Home News London activists paint Ukraine’s flag in front of Russian Embassy

London activists paint Ukraine’s flag in front of Russian Embassy


LONDON — Ben Stewart arrived outside the Russian Embassy early on Thursday morning with a throng of volunteers, four wheelbarrows and 70 gallons of blue and yellow paint, ready to send a message to Russian President Vladimir Putin on the anniversary of the invasion of Ukraine.

“I just thought, if I get enough paint down there, the cars can create the flag,” said Stewart, one the founders of the activist group Led by Donkeys, told The Washington Post.

Sure enough, the volunteers tipped the paint into the road, and the London traffic did the rest, spreading it out to make a giant Ukrainian flag directly in front of the embassy.

Countries around the world this week are marking a year of Russia’s war. Paris lit up the Eiffel Tower. In Wellington New Zealand, people threw sunflowers into the water. British Prime Minister Rishi Sunak, who recently hosted Ukrainian President Volodymyr Zelensky, will lead a minute’s silence on Friday.

But it may be the flag stunt that is the most memorable anniversary marker in Britain.

“Tomorrow is the first anniversary of Putin’s imperialist invasion of Ukraine, an independent state and a people with every right to self-determination. The existence of a massive Ukrainian flag outside his embassy in London will serve to remind him of that,” Led by Donkeys posted on social media. The tweet quickly went viral.

“Like many people, we are deeply moved by the resistance and determination of Ukrainian people,” said Stewart, 48. “There’s obviously many manifestations of solidarity. It’s right that Joe Biden and Rishi Sunak go to Kyiv, but there’s so much support by people and you rarely see examples of civil solidarity, and we wanted to show that London and Britain stand with Ukraine,” he said.

Britain likes to see itself as playing a leading role in support for Ukraine, and its military assistance is second only to contributions from the United States.

Britain, however, has done much less than many European countries when it comes to taking in Ukrainian refugees. The government, under then Prime Minister Boris Johnson, launched a DIY program that required Brits to identify individual refugees they wanted to sponsor. Some Brits have been willing hosts — one man interviewed by The Washington Post even flew to the Ukraine border with Cadbury bars. But there have been reports of an increase in evictions and homelessness.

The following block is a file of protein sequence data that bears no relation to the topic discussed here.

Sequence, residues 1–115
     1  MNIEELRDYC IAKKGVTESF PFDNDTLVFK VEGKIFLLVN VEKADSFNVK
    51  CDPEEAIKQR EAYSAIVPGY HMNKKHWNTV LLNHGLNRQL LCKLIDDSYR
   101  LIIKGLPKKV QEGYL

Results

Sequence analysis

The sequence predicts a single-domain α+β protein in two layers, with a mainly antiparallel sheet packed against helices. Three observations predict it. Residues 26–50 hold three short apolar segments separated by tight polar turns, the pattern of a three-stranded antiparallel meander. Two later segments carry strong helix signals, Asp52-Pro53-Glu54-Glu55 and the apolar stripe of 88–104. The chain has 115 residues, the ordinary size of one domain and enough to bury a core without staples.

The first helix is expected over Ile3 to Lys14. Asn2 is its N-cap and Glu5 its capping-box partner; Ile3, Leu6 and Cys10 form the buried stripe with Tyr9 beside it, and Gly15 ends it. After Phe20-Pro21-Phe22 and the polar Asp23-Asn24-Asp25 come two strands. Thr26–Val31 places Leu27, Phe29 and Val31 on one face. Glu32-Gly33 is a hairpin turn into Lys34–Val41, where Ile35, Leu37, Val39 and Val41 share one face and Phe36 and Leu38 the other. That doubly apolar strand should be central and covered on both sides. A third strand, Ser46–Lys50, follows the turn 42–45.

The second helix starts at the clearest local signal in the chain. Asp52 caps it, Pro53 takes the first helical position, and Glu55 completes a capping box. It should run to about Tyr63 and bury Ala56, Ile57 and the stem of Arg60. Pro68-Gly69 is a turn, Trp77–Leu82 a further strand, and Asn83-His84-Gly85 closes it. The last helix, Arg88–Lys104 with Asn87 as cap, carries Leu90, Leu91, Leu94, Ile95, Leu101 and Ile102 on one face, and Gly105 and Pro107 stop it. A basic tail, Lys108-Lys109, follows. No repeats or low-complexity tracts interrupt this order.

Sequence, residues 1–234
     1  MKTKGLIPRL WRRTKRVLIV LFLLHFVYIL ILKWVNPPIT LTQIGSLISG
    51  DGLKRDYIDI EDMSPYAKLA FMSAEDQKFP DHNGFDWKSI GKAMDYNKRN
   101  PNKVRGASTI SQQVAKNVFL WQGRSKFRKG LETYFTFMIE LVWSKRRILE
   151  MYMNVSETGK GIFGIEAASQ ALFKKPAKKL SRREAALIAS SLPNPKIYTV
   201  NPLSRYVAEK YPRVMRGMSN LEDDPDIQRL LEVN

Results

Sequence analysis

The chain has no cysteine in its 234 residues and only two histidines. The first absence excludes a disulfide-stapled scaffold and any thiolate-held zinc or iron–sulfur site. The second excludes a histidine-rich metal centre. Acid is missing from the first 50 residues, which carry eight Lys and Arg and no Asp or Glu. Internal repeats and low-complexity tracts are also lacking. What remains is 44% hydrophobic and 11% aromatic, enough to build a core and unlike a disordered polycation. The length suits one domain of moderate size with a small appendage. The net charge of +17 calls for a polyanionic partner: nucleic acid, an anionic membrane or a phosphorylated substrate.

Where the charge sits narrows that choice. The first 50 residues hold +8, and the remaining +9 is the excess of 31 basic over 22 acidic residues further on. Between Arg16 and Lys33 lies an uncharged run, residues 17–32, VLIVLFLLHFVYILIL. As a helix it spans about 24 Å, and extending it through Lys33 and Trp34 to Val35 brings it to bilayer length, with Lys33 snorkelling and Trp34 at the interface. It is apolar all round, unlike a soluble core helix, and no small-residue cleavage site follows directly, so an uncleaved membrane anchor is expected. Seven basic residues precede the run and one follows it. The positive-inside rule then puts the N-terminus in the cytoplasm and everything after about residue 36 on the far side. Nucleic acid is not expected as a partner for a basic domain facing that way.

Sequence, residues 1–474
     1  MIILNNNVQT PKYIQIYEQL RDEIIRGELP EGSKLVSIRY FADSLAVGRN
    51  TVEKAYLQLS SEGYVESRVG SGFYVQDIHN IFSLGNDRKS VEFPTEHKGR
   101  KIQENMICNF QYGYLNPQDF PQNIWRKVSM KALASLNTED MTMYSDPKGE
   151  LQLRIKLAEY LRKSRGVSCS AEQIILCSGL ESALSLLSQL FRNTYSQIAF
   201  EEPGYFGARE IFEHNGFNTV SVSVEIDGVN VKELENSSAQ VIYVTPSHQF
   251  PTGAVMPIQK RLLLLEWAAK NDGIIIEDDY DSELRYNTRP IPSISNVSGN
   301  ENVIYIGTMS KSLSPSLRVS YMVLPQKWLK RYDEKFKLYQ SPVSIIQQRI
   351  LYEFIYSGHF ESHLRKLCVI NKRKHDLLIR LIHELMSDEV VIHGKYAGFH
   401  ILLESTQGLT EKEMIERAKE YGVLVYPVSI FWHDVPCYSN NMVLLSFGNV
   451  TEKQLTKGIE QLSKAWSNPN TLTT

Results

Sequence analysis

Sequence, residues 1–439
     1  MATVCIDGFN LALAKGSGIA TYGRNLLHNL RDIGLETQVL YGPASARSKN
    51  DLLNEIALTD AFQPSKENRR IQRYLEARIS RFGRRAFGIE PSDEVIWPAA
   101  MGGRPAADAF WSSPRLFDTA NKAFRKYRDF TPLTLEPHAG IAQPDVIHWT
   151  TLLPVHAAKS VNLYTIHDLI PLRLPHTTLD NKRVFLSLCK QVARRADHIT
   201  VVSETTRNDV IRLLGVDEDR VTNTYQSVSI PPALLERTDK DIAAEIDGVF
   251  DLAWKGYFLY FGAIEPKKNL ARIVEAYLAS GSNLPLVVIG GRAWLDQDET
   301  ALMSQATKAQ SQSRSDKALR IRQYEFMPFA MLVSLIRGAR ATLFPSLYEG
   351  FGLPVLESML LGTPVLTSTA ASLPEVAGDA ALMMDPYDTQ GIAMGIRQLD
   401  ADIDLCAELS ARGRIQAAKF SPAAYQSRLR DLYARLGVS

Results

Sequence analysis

Britain’s pick-a-refugee program had one Brit flying to Poland with Cadbury bars

At the political level, support for backing Ukraine in the conflict has remained strong, with lawmakers from all parties showing a kind of unity hasn’t been seen often in the topsy-turvy post-Brexit years.

Bronwen Maddox, director of Chatham House, a London think tank, said: “Politicians want to keep supporting Ukraine out of principle, out of recognition of national feeling, and in the muddle and aftermath of Brexit, this is something that Britain wants to do and can do well, as part of the European and Western contribution, at what is a slightly confused and fretful point in British politics.”

Surveys show the British public’s support for Ukraine has remained strong, even while many people believed the war contributed to a cost-of-living crisis here. That sentiment may not have been tested as much as it could have, with natural gas prices easing in recent weeks.

The stunt outside the embassy on Thursday wasn’t without its hiccups, Stewart said. Four volunteers on the “blue paint team” were arrested by the London Metropolitan Police for obstructing traffic.

“But luckily people from the yellow paint team ran over and helped out with the blue paint,” Stewart said. “And five minutes after they tipped the paint, we had a Ukrainian flag.”

Cars were, at first, hesitant to drive over the paint, Stewart said, even as protesters held aloft signs that read: “Ukrainian Solidarity Protest — Drive slowly — Washable paint.”

But after a few vehicles went through, others followed.